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Pelosi tries to win over Democrats ahead of House speaker vote

Group of Democrats vow to oppose Pelosi

Nancy Pelosi will face her first test in her bid to become House Speaker once again when Democrats hold an internal vote to pick their candidate for the job this week.

The Democratic leader came out of the Thanksgiving holiday with the wind at her back: In a matter of days, she was able to secure the support of two vocal detractors: Reps. Marcia Fudge, D-Ohio, the only Democrat who had publicly considered a challenge to Pelosi, and Rep. Brian Higgins, D-New York, who was among the 16 Democrats who released a letter last week vowing not to support Pelosi for speaker during the vote of the full House on January 3.

And on Monday, another member who had signed the letter, Massachusetts Rep. Stephen Lynch, told a local TV station that he would vote for Pelosi on the House floor if the only other option was a Republican. But he also warned that Democrats would risk losing their majority, and possibly be responsible for helping President Trump get re-elected, if they did not pick new leadership.

At the same time, however, another newly-elected member added his name to the anti-Pelosi letter. Newly-elected Californian Gil Cisneros credited Pelosi with some of the Democratic Party's greatest accomplishments and called her a "fearless advocate" in a statement Monday, but said he would not vote for her for speaker.

"The people of the 39th District made it clear, however, that they want to see real change in Washington, and I intend to follow through on my commitment to support new leadership. Our Democratic caucus is comprised of many dedicated individuals who are more than capable of leading our Party and the House of Representatives into the future," he said.

Pelosi's support is strong enough that she is expected to win the votes in a closed-door meeting on Wednesday to be the official choice of the Democratic caucus for speaker. The bar will be higher when she must get 218 votes on the House floor in January. Democrats will control 234 seats in the House, meaning she can lose just 16 members.

A Democratic aide in the House who is close to the group of members who authored the anti-Pelosi letter said some of the signers want to meet with Pelosi and could be persuaded to back her if she took more concrete steps to make room for new members in the top three slots, such as agreeing to serve as speaker for just one year.

"Leader Pelosi wants to boil this down to a personal argument, but this is so much bigger than her. It's about the entire, stagnant, 3-person leadership team and having a serious conversation about promoting leaders who reflect the future of our caucus," said Rep. Seth Moulton, D-Massachusetts.

A spokesman for Moulton said that Pelosi had not reached out for a meeting with the congressman. An aide to Pelosi said Moulton has not asked for one.

Pelosi also faces headwinds among another moderate group of members from the bipartisan Problem Solvers Caucus. Nine Democratic members of the group are asking Pelosi to publicly back changes to the House rules to ensure that more bipartisan legislation gets votes in committee and on the floor of the House. 

On Friday, Pelosi put out a statement that promised to "establish a select committee to improve the operation of Congress" and asking that all Democrats "support the nominee of our Caucus for Speaker on the Floor of the House."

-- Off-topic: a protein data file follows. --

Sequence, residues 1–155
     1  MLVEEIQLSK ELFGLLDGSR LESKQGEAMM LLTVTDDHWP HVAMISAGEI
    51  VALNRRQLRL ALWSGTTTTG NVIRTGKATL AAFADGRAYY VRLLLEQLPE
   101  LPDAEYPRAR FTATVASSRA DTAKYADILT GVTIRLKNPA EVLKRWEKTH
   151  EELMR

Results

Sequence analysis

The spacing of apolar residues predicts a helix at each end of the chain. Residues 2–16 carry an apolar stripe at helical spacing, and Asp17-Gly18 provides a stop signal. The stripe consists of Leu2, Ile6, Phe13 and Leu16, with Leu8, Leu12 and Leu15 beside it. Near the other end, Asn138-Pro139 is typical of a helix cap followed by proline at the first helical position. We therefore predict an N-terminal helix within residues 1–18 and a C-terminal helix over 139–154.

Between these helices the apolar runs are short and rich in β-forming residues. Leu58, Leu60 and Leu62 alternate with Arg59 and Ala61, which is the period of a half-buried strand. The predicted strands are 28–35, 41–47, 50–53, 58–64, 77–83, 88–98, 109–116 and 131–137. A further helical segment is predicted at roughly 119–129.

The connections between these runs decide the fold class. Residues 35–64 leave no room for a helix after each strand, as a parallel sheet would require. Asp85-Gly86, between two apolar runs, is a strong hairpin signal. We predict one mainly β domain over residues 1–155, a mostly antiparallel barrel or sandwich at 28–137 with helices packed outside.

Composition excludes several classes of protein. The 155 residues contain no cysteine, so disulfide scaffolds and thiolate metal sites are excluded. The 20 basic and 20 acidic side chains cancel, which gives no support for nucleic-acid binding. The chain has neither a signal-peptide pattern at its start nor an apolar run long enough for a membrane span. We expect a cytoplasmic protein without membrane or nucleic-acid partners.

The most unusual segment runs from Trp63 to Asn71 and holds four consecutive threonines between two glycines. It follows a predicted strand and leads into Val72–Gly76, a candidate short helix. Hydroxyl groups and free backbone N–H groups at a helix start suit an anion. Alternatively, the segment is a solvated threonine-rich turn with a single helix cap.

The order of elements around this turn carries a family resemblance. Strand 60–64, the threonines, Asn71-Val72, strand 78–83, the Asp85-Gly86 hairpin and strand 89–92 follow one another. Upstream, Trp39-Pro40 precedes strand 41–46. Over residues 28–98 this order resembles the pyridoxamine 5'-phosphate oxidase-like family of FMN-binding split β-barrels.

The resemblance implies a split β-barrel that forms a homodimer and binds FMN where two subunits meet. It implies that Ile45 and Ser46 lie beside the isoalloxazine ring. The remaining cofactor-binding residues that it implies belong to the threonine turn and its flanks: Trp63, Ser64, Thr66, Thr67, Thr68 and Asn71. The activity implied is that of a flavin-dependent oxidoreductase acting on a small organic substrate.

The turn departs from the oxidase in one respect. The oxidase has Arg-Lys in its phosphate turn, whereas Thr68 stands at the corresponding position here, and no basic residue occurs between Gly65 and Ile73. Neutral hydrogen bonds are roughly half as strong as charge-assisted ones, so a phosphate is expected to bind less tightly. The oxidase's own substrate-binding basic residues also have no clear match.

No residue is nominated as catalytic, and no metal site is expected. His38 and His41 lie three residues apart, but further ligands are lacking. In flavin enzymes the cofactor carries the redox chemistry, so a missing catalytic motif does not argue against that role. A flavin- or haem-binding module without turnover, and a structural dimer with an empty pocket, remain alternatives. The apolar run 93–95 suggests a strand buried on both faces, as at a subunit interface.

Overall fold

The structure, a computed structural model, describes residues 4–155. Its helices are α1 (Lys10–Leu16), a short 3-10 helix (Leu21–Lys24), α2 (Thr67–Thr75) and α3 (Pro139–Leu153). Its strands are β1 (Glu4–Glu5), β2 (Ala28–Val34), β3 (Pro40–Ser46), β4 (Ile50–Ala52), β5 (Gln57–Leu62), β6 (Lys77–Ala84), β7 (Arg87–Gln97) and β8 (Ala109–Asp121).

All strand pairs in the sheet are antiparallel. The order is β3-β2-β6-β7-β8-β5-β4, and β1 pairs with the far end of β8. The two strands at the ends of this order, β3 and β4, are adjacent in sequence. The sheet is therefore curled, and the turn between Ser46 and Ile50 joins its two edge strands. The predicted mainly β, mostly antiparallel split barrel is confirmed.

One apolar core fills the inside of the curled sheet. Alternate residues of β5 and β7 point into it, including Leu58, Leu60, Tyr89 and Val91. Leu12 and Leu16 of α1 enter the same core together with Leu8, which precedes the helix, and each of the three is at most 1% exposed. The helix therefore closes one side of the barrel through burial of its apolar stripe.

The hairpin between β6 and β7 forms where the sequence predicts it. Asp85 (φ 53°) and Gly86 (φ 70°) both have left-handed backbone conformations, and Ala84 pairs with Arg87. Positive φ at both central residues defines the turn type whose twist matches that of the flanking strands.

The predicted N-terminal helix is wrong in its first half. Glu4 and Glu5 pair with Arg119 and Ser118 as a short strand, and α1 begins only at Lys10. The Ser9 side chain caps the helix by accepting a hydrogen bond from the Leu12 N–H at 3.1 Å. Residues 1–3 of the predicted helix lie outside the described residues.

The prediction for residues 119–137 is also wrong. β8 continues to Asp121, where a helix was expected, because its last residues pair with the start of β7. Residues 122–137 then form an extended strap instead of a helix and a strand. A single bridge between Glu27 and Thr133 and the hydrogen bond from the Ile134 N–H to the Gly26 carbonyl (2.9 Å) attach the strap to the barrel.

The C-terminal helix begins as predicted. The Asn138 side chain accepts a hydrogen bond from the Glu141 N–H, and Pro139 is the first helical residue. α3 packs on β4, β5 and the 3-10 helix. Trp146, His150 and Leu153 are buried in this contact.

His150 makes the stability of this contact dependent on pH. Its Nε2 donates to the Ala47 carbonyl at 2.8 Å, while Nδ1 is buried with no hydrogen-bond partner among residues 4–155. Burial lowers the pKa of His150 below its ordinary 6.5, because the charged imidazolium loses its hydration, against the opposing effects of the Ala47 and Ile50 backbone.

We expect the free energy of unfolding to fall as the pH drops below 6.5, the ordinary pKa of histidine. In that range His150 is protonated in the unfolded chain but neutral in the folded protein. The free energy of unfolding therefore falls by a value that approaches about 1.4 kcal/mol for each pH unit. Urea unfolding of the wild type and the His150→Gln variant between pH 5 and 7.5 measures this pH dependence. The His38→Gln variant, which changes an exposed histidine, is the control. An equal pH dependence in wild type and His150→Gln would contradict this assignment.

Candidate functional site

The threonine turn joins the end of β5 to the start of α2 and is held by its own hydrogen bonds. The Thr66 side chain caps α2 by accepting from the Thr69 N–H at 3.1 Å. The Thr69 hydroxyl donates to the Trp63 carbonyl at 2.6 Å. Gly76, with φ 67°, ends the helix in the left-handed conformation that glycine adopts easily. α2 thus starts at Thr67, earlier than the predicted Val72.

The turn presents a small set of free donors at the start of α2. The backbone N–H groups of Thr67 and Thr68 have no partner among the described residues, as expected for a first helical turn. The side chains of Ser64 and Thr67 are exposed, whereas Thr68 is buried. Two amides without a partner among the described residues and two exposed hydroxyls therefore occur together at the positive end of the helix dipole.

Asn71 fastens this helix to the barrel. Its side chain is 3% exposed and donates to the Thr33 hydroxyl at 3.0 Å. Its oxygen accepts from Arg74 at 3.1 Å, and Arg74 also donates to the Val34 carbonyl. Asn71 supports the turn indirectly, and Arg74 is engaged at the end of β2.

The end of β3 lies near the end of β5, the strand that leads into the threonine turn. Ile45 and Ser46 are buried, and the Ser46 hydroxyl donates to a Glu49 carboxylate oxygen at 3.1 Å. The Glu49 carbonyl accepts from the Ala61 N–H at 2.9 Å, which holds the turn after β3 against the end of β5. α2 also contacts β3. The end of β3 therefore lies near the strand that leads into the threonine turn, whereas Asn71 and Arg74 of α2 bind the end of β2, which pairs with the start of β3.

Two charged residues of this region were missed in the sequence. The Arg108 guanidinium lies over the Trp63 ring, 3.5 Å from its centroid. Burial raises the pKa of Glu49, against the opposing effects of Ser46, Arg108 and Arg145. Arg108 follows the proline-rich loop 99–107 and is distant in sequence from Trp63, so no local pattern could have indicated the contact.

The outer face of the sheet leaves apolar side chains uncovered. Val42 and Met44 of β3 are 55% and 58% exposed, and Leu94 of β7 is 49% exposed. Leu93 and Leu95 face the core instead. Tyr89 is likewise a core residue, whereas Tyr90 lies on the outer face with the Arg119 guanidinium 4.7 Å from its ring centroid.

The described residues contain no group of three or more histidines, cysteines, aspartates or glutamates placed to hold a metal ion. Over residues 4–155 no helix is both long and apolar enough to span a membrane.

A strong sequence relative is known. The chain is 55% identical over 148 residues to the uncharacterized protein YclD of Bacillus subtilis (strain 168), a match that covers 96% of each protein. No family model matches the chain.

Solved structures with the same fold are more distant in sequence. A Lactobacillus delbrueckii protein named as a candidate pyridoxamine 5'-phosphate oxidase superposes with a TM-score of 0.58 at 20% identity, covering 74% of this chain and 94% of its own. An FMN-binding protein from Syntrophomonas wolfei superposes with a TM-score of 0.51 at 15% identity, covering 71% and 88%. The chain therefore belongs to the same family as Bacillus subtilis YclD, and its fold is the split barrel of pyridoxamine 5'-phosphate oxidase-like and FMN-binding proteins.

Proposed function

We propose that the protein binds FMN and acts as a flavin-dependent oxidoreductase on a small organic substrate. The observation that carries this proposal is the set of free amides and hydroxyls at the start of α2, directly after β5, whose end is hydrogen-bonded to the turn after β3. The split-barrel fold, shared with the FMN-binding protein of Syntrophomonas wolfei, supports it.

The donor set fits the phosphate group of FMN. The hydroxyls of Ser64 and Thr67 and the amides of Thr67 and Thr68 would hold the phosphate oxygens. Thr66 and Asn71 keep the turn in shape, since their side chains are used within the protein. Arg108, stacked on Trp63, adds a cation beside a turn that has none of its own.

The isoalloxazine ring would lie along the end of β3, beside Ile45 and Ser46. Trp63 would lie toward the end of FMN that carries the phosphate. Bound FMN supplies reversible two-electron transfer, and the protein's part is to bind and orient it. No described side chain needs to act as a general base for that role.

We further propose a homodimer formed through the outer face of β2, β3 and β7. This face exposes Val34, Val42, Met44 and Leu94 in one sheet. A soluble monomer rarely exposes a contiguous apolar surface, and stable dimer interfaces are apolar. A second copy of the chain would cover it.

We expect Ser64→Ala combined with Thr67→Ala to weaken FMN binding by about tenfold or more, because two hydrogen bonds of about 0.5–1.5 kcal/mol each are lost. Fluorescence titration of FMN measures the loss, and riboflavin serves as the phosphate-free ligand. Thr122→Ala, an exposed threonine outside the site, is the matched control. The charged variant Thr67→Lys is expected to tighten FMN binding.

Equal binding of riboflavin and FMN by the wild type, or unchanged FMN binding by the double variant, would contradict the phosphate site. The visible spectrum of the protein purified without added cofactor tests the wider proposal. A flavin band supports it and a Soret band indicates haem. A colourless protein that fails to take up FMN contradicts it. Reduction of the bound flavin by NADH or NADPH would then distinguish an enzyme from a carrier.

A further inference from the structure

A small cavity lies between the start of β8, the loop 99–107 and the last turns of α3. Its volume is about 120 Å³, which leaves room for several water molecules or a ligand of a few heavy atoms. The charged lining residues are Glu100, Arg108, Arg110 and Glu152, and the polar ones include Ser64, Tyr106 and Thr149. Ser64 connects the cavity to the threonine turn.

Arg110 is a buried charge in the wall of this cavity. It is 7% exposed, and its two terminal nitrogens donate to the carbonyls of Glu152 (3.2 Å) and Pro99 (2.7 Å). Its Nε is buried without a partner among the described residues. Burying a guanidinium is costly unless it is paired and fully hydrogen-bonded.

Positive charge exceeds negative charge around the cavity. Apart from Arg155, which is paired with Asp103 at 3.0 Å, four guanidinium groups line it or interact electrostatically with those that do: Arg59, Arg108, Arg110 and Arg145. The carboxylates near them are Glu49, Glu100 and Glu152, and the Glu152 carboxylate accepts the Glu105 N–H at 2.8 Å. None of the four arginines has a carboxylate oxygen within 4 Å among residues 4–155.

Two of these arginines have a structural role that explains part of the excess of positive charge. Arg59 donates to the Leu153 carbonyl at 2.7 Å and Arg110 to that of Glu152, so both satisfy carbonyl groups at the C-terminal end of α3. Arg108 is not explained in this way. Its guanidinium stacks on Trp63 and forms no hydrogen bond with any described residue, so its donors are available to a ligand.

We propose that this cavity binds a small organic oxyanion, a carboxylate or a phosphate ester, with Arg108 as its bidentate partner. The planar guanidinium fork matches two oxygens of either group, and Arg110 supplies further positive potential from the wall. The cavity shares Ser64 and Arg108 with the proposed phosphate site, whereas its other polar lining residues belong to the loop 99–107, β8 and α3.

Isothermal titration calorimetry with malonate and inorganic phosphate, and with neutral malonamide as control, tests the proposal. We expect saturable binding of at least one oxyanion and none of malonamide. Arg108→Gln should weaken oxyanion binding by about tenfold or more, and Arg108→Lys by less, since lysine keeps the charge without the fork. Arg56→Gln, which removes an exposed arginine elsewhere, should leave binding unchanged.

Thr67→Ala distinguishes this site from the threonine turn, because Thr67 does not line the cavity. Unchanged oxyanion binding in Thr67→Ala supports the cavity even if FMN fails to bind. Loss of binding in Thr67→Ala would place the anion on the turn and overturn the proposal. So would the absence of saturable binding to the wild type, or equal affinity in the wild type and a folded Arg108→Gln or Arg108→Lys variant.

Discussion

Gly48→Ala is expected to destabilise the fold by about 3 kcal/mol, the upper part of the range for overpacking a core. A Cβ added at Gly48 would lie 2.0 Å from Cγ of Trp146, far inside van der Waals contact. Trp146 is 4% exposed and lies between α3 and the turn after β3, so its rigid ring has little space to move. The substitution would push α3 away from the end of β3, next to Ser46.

That wasn't enough to win over the nine Democrats from the Problem Solvers Caucus. In a statement early Monday morning, they said, "our rules proposal isn't about changing leadership; it's about changing a system that stymies the will of the commonsense majority. The bottom line is this: We need real rules reform to get bipartisan legislation heard — not just more committees to study the problem. Bipartisan legislation with broad support deserves honest debate and a simple up-or-down vote." 

They argue that without the changes, there will be no meaningful legislation on healthcare, immigration and infrastructure.

One change they are seeking – an agreement that any bill with 290 co-sponsors would receive a committee markup and consideration on the House floor – is already in the package of House rules Democrats will consider, according to a senior Democratic aide.

They are also demanding that any amendments with at least 20 Democratic and Republican cosponsors get votes on the House floor, and that every member of Congress be guaranteed a debate and a vote on a piece of legislation they propose if it's relevant to the committee where they serve and they have at least one cosponsor from the other party.

The proposed rules package also includes other requests from the Problem Solvers' "Break the Gridlock" package, including fair party ratios on legislative committees and a higher threshold for a minority of members to try to overthrow the speaker.

Some members of the Problem Solvers caucus will meet on Tuesday with Pelosi and Rep. Jim McGovern, the top Democrat on the Rules Committee, to continue the discussions over the proposed rule changes.

The fight over reforms demonstrates the fine line Pelosi must walk in balancing the moderate and progressive interests of her large incoming flock. Bipartisanship is a rallying cry for many members who represent swing districts, but is not a goal shared by those on the left.

Last week, incoming Rep. Alexandria Ocasio-Cortez of New York tweeted that the Democrats were "choosing to hold the entire 220+ caucus hostage" to secure "GOP-friendly rules."

"People sent us here to get things done, not 'negotiate' with an admin that jails children and guts people's healthcare,'" she wrote.

Bo Erickson contributed to this report.

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